And Gibbon dangles an even more flattering “Enlightenment” utopian prospect before his readers: We cannot yet know, he writes, “to what height the human species may aspire in their advances toward perfection; but it may safely be assumed that no people, unless the face of nature is changed, will relapse into their original barbarism.” Thus, “We may . . . acquiesce in the pleasing conclusion that every age of the world has increased, and still increases, the real wealth, the happiness, the knowledge, and perhaps the virtue of the human race.” The Whig-liberal interpretation of history has arrived and only that “perhaps” saves Gibbon from complete flattery and illusion.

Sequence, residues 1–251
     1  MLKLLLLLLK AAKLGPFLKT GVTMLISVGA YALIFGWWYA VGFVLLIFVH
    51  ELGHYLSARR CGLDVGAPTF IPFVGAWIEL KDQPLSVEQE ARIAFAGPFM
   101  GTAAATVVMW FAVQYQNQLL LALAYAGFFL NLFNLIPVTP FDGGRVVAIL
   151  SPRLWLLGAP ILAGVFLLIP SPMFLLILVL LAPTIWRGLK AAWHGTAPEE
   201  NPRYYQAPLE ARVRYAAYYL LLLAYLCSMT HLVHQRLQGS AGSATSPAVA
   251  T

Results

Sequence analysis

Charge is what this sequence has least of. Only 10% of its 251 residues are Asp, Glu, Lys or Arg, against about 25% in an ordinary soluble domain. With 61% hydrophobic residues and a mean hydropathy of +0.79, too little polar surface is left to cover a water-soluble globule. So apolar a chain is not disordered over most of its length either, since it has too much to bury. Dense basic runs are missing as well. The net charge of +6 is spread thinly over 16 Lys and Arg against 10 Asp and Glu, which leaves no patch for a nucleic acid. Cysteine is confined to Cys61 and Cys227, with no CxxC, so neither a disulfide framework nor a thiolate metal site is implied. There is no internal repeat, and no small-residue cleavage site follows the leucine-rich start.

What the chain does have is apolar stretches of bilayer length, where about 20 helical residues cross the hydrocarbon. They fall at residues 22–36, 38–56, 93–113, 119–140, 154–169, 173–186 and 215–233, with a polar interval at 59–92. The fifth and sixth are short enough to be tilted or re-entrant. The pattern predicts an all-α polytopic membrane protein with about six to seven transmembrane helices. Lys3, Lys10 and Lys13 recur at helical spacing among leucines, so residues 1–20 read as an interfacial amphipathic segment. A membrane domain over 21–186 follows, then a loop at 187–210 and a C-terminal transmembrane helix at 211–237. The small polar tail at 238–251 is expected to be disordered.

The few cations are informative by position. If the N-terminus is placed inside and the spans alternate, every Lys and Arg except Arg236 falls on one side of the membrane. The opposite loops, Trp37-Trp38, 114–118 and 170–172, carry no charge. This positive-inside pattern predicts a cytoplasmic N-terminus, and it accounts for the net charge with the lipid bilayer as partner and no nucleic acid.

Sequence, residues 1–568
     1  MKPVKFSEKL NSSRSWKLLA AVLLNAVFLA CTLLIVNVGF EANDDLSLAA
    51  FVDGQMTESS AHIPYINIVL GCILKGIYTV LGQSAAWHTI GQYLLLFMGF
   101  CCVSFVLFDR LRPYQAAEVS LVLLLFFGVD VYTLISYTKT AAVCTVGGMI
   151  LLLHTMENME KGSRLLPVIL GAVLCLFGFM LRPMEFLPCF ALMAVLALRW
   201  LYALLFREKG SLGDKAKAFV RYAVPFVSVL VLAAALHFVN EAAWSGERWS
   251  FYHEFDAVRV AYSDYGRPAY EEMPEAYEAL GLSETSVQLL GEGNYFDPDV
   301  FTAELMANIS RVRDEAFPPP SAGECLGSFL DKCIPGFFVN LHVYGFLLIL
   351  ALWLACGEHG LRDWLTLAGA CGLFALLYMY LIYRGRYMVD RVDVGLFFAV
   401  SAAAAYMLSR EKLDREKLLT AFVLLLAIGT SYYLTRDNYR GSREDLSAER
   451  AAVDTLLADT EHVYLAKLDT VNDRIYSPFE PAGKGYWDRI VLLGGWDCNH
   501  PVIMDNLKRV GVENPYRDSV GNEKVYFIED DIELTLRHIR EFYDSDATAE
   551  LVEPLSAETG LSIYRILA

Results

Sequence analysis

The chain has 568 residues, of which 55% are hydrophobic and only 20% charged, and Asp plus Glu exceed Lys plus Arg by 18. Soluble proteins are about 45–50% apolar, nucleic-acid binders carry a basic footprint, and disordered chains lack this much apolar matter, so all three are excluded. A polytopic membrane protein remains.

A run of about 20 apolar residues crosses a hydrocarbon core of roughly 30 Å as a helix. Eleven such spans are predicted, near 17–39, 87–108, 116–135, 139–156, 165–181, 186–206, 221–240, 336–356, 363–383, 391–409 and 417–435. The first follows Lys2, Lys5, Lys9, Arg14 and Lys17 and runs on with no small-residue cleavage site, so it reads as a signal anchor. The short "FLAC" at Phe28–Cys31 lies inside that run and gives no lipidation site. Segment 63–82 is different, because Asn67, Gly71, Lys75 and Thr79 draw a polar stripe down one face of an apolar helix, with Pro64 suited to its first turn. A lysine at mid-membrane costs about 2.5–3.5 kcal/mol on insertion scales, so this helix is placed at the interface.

Seventy years later, in 1846 — despite the French Revolution, Napoleon, and increasing industrial and urban degradation in Britain — the scholar Frank Newman (antagonistic brother of John Henry Newman) wrote with even more confidence in “The Contrasts of Ancient and Modern History”: “Ferocious power like that of the old Caesars can never again disgrace the civilizations of the world.” How evil do Nero, Heliogabalus, and Caligula look now, compared to Hitler, Stalin, and Mao Tse-Tung? David Berlinski helpfully reminds us that in the Soviet Union in 1937–38 — a nation not at war — “the NKVD [Secret Police] shot 850,000 victims out of hand under the notorious Section 58 of the [Soviet Communist] penal code.”